What we don’t like about it: Sadly, even Mario is not without faults in this generation of next-gen bells and whistles. One of them being the Spring Suit that you get in the galaxy that coincidentally not only has the best music ever, but also the most colorful. While it certainly looks fun to watch (the Spring Suit pretty much wraps Mario in a coiled spring that lets him jump higher and faster than before), it’s definitely a challenge to use effectively. And the fact that you’re expected to use it in really tight quarters doesn’t help it at all, as Mario moves by bouncing around (which can lead to a lot of accidental deaths). Thankfully, the stages where you’re expected complete mastery of the Spring Suit are few and far between.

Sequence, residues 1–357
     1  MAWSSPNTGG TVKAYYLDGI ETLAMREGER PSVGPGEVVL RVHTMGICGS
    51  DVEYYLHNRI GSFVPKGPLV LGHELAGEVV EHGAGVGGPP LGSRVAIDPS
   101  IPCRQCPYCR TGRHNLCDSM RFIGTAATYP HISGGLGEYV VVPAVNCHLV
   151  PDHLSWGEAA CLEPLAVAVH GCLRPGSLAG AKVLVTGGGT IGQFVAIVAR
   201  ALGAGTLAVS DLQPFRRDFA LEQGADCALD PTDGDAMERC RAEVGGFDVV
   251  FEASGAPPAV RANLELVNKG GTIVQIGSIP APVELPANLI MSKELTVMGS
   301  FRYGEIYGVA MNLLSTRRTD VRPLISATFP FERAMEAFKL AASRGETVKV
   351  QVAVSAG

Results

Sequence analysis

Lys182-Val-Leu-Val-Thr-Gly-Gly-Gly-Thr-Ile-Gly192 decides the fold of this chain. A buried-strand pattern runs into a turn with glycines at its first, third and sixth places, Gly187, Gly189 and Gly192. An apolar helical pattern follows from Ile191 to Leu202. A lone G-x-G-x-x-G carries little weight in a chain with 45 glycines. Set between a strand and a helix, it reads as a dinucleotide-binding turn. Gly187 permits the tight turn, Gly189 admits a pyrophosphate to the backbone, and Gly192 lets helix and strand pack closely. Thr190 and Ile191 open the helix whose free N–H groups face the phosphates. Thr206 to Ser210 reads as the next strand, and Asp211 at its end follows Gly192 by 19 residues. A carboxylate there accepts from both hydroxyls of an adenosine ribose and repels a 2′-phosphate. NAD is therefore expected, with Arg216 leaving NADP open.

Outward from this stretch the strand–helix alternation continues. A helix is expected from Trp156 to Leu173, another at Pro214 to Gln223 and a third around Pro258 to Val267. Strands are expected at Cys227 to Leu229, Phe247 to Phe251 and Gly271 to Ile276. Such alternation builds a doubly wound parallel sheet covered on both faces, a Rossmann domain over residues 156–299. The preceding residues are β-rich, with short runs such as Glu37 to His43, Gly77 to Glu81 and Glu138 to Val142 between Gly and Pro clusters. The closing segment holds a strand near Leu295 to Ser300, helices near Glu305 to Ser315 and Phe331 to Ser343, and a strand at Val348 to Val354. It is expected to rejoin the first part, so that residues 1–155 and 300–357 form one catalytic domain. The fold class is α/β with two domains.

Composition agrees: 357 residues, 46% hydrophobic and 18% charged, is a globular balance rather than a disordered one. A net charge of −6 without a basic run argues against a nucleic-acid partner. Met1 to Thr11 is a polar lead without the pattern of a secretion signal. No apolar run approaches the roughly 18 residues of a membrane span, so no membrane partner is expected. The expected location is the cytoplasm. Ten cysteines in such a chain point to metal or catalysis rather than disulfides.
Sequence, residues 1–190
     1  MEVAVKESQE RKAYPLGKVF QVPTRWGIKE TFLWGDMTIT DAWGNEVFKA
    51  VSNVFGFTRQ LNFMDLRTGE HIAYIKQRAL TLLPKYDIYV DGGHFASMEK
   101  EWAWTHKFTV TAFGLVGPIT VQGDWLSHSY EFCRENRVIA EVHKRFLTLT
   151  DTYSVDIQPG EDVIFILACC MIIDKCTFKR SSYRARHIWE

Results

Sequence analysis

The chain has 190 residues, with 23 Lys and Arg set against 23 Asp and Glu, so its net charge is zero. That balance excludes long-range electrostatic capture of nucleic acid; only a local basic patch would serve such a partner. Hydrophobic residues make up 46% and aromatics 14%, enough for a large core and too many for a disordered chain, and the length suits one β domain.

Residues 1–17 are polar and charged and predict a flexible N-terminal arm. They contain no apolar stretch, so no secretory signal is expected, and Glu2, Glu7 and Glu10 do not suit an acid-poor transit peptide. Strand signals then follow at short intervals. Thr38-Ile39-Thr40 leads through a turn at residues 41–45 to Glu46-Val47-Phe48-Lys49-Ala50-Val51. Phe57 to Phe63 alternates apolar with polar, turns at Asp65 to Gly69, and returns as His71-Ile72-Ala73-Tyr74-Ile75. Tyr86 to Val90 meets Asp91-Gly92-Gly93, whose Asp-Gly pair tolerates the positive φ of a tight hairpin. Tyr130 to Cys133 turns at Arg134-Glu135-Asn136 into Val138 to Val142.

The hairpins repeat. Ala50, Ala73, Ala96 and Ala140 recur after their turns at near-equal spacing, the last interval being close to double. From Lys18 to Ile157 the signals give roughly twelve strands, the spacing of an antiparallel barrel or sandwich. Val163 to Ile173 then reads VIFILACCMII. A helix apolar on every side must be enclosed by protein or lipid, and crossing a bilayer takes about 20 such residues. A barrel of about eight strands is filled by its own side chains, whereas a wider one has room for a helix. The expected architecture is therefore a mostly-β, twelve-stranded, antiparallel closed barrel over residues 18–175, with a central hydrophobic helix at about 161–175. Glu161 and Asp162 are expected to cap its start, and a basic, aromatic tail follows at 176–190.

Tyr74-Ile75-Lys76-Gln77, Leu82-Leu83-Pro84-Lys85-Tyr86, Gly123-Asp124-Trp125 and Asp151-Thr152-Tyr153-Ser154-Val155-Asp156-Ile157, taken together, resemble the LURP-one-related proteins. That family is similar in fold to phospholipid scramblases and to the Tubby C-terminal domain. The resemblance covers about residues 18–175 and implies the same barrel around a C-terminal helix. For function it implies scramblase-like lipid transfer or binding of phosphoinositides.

What could’ve made it better: The really fun powerups, such as the Fire Flower and Ice Flower, as well as a few others we do not want to mention because of potential spoilage, have time limits – and this is not a good thing. Sure, we can understand the time limit with the Starmen, but with the flowers, not so much. Chucking fireballs as Fire Mario or skating across water as Ice Mario should never be a time-based event. NEVER.
Honorable Mentions: Metroid Prime 3: Corruption.
Games for Windows:
What game is it: Crysis
Who made it: Crytek